I have a large array of data structures and I am using threads to perform identical operations on different portions of the array. I am interested in benchmarking the achievable speedups. I am hoping to understand what speedups are achievable before I go ahead and create a real application.
Now, I have a 4 processor system. With 4 threads I get an almost 3.5 times speedup which is not bad. But the code with 8 threads is a little faster than with 4 threads on the same system. this is something i did not expect. Note that the threads just do number crunching and do not require any memory of its own or any communication with each other.
Is there a rule of thumb in the number of threads that one should create ?
No more than one for every core in the system.
Note that some CPUs have something called "hyper-threading", which can make a single core run two threads concurrently. The physical core is then said to have two logical cores. It's up to you whether to count logical cores as physical for the purposes of creating threads.
To elaborate: think 8 hands and 1 brain. You may be able to work on 8 thing at one time (asynchronously), but it might be just as fast to work on then one at a time instead because your attention is divided. As for multi(quad)-cores, think 4 people each with 2 hands (or something like that...)
For thread synchronization I will use a combination of pthread_cond_wait() and pthread_cond_signal() protected by mutex variables. Now, as I understand it, there is no guarantee that the thread calling pthread_cond_wait() will get called before pthread_cond_signal(). So, in case pthread_cond_signal() ends up being called before pthread_cond_wait, that signal will be missed. Is this correct ?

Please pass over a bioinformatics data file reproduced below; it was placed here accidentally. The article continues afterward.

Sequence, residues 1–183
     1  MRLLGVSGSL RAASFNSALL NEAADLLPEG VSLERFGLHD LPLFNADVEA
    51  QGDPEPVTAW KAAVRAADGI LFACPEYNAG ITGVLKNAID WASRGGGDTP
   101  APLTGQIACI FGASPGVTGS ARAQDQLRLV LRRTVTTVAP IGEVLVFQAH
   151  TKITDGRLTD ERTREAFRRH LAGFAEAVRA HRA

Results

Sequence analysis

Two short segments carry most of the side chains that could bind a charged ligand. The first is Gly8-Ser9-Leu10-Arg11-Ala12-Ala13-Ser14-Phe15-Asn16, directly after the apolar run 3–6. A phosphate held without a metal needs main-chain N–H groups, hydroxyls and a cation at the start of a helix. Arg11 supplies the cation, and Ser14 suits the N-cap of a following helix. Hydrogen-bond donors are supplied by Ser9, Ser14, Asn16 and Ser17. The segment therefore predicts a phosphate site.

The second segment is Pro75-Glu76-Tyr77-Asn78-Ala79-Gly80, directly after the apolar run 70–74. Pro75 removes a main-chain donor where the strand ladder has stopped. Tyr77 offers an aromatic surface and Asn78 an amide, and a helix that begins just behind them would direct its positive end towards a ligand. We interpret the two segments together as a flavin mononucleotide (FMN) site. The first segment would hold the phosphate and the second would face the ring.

If yes, then clearly it is crucial to get a feedback from the thread which calls on pthread_cond_wait() if it has received the signal before the thread calling pthread_cond_signal() can proceed. Is there any any standard way to do this ?
Yes, I think i see what you mean. So even if the thread calling pthread_cond_signal() finishes before the thread waiting for the signal, the second thread having checked that certain condition is satisfied can simply proceed without waiting. Also, i meant the following format when i say protected by mutexes
1 2 3 4
exactly: given blocks A and B above, only two things can happen:
1. A goes first and upon hitting pthread_cond_wait() and unlocks the mutex, but gets blocked waiting. B then locks the mutex and signals the condition change. A gets unblocked and tests the condition with the while (!condition).
2. B goes first, locks the mutex, and calls changedCondition() and pthread_cond_signal() before A comes up, thus losing the signal - but the mutex is unlocked. A then goes, but checks the condition first, so doesn't even need to wait in this case!
The most important idea is that the condition variable actually signals a possible change in the condition state. It's up to the other thread to do the checking.
Here is another question. Is it required to protect function calls also by mutexes like variables ?
Say, I have created N threads with the function handle void *func(void *). Now if func() accesses another function say commonfunc(). Should the call to commonfunc() in func() also be protected by mutexes ?
Edit: I just did some tests and i don't think mutexes are needed for protecting function calls.